The Commission for Environmental Cooperation (Canada, US, and Mexico) issued a report on Sept. 17, 2010, illustrating the steps 13 North American cities are taking, from small, planned efforts to reduce building energy use, to comprehensive, multi-sector adopted plans for reducing energy use.
Planning & Growth
"A once-unthinkable day is looming on the Colorado River. Barring a sudden end to the Southwest’s 11-year drought, the distribution of the river’s dwindling bounty is likely to be reordered as early as next year because the flow of water cannot keep pace with the region’s demands."
The Senate Banking Committee on Wednesday, September 22, will hold a hearing on the National Flood Insurance Program, which is teetering under some $19 billion in debt. The NFIP is set to expire Sept. 30, just as the hurricane season reaches its height. Congress has allowed the NFIP to expire four times already this year.
On the National Conference of State Legislatures website, you'll find information on new or proposed environment and natural resources legislation, including consumer laws. Topics include climate change and air quality, water, land use, waste, environmental health, healthy communities, federal issues, and much more.
Here's a roundup of recent developments and resources that can help you cover how local stormwater management fits into the regional and national picture, including the Natural Resources Defense Council's 20th annual beach report and the proposed Green Infrastructure for Clean Water Act of 2010.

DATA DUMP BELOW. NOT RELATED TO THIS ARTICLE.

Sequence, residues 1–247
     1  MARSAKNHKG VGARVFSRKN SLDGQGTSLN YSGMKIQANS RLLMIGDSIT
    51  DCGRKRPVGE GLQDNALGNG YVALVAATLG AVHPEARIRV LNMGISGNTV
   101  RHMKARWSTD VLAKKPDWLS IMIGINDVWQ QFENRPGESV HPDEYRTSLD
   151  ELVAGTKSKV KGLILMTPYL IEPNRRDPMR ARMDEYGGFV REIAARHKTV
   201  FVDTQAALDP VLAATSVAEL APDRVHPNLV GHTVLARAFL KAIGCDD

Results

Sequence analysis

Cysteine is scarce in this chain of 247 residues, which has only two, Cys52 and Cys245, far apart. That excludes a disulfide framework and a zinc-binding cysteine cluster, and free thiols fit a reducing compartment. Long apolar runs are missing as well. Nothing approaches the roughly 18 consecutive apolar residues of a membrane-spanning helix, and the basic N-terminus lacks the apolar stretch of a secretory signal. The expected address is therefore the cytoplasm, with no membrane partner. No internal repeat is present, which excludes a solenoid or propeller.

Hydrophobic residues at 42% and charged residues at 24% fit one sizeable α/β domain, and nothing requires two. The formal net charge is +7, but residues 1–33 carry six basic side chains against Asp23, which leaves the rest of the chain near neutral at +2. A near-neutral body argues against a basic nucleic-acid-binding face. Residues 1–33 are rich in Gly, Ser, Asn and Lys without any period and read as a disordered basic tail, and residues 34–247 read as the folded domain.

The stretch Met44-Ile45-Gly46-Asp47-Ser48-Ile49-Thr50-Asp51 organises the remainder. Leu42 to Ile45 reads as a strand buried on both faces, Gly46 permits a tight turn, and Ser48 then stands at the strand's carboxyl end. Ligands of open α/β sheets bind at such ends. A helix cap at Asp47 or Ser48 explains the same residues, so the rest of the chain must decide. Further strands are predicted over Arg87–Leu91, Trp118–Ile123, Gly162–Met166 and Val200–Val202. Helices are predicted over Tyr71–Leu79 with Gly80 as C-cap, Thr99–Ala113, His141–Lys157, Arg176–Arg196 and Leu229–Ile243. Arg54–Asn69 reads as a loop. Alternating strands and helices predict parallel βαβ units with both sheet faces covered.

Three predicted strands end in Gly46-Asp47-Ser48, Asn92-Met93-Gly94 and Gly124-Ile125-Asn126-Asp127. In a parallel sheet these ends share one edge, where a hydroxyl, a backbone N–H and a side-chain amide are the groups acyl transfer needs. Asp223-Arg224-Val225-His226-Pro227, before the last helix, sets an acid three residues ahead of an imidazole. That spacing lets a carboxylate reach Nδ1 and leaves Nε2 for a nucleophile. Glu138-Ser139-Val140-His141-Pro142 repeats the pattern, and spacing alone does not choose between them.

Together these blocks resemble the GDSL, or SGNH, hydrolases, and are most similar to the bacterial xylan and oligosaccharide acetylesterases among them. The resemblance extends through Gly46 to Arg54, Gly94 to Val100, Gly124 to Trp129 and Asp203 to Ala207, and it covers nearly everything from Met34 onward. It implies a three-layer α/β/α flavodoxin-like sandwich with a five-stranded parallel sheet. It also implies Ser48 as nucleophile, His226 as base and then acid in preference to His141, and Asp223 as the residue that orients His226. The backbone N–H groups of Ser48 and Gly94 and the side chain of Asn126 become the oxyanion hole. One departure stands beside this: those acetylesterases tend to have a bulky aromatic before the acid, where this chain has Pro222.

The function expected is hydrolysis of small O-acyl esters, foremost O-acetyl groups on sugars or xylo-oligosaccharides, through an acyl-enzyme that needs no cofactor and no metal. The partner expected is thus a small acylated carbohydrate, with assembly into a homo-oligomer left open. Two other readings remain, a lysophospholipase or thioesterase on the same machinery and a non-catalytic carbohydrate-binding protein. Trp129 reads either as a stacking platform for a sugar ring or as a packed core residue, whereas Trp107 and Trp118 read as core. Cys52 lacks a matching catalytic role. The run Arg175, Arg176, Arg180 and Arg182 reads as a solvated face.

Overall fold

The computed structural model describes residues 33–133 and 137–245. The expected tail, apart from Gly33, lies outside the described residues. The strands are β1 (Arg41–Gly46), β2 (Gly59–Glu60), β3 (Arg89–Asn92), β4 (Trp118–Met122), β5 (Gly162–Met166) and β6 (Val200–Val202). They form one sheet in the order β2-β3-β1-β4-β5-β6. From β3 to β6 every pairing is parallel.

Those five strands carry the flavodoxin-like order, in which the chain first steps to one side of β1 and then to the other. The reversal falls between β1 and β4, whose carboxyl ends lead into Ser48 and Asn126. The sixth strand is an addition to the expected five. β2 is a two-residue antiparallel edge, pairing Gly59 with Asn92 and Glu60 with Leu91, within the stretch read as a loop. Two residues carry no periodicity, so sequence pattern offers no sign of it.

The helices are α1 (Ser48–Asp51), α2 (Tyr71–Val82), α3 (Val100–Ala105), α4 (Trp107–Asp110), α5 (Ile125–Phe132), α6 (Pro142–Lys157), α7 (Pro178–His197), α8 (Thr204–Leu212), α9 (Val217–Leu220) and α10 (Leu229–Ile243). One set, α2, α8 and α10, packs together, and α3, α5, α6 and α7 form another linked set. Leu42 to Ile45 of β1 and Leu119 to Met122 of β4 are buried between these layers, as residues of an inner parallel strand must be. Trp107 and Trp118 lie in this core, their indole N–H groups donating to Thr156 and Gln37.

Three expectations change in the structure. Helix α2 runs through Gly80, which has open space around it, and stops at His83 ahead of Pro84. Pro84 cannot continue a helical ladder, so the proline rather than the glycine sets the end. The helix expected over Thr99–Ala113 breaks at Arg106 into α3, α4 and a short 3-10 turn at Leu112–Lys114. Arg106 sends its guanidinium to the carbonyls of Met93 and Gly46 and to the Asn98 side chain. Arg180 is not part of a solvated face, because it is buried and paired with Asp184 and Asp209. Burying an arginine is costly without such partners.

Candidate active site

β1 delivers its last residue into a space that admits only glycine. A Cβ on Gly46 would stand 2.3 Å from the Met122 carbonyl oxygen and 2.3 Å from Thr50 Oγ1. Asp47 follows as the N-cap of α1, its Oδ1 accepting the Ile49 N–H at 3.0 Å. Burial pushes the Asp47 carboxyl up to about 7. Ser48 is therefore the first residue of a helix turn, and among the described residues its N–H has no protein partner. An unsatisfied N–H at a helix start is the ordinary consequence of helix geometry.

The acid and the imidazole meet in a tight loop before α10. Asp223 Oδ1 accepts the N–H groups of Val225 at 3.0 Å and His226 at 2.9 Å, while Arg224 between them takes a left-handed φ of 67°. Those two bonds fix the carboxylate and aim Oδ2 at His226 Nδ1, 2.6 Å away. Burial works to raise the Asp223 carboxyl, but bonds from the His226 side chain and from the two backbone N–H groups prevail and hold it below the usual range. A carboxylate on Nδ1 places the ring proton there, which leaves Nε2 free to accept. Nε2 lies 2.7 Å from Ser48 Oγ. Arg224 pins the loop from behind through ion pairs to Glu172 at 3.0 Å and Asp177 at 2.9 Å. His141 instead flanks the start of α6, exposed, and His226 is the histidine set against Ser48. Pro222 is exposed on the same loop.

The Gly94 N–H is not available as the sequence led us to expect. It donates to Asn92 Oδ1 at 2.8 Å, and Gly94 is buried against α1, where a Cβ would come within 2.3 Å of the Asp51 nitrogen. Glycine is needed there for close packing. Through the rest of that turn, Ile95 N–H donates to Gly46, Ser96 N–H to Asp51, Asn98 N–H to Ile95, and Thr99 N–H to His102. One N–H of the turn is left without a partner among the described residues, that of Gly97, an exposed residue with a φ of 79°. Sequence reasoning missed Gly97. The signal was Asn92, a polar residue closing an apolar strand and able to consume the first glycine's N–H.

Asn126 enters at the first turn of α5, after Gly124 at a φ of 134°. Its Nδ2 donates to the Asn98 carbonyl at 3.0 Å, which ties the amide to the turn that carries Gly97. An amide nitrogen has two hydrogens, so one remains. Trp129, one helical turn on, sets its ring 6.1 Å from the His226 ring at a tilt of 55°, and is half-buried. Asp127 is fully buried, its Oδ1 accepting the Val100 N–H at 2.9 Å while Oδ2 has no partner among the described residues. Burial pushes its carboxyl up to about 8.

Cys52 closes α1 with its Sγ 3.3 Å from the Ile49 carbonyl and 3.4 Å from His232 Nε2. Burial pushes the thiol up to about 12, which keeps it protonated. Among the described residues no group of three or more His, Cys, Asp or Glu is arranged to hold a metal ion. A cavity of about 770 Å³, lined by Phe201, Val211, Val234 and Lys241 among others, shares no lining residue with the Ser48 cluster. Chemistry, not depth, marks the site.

While not a stand-alone climate change-fighting measure, converting roofs and pavements in tropical and temperate cities of one million or more people to light-colored materials would provide the equivalent one-time benefit of eliminating two years' worth of global CO2 emissions, or eliminating the emissions of 300 million vehicles for 20 years.
"Continued climate change will drive Mexican farm workers to migrate to the United States in greater numbers, environmental experts predicted on Monday."
NOAA's "State of the Coast" contains both quick facts and detailed information regarding this 95,000-mile-long zone and all the players involved. It generally addresses longer-term issues, such as environmental degradation, climate, hazards, economics, and demographics.
A study was published in Environmental Health Perspectives found that the most sprawling US cities have 2.6 times the risk of deadly extreme heat events than those with the least sprawl — regardless of the population, location, or rate of growth of an urban area.
The USFS Forest Legacy Program has awarded a total of $72 million to 36 property owners in 33 states and territories to apply conservation easements to their land, with the goal of preventing development or other uses of the land that would reduce its forest value.